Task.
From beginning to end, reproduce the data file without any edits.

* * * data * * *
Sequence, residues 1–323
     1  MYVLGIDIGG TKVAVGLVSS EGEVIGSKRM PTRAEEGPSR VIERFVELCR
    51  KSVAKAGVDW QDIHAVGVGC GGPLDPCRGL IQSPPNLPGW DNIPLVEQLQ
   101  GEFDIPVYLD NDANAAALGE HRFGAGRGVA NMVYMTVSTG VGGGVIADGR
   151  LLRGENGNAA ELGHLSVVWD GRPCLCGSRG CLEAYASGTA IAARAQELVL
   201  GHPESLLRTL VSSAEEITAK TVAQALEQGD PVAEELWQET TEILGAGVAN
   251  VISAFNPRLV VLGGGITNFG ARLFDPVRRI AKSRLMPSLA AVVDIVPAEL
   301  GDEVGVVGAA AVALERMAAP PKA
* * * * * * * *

Sequence, residues 1–323
     1  MYVLGIDIGG TKVAVGLVSS EGEVIGSKRM PTRAEEGPSR VIERFVELCR
    51  KSVAKAGVDW QDIHAVGVGC GGPLDPCRGL IQSPPNLPGW DNIPLVEQLQ
   101  GEFDIPVYLD NDANAAALGE HRFGAGRGVA NMVYMTVSTG VGGGVIADGR
   151  LLRGENGNAA ELGHLSVVWD GRPCLCGSRG CLEAYASGTA IAARAQELVL
   201  GHPESLLRTL VSSAEEITAK TVAQALEQGD PVAEELWQET TEILGAGVAN
   251  VISAFNPRLV VLGGGITNFG ARLFDPVRRI AKSRLMPSLA AVVDIVPAEL
   301  GDEVGVVGAA AVALERMAAP PKA